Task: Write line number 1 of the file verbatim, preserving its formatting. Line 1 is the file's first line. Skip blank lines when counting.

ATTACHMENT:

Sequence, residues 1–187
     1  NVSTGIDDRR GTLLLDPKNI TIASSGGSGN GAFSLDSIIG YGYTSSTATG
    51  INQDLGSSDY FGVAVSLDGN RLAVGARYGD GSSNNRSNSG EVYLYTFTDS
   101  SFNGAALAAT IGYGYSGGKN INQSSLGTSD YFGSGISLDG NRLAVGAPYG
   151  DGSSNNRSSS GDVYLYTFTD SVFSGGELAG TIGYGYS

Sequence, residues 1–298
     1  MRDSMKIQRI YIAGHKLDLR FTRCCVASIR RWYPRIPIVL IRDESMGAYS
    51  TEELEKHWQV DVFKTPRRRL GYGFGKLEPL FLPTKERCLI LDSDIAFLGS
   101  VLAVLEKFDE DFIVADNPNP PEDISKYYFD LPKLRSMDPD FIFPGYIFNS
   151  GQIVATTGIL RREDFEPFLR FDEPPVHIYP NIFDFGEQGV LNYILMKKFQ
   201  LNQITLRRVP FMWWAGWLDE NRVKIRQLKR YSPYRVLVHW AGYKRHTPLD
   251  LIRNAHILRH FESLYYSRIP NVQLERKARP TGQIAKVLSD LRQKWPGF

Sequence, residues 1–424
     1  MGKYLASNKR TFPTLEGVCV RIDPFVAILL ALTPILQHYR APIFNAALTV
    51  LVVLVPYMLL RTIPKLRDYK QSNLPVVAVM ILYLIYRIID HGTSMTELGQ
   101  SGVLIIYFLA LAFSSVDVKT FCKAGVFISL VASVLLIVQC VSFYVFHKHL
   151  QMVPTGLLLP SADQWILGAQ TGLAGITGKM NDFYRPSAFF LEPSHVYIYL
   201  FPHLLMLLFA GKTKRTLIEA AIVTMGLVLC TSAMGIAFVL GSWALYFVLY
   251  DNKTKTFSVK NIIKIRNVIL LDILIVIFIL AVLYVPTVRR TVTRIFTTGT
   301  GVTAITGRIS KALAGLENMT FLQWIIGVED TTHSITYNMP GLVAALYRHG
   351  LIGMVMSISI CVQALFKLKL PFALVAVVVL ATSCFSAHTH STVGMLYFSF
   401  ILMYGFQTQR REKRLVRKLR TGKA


Sequence, residues 1–187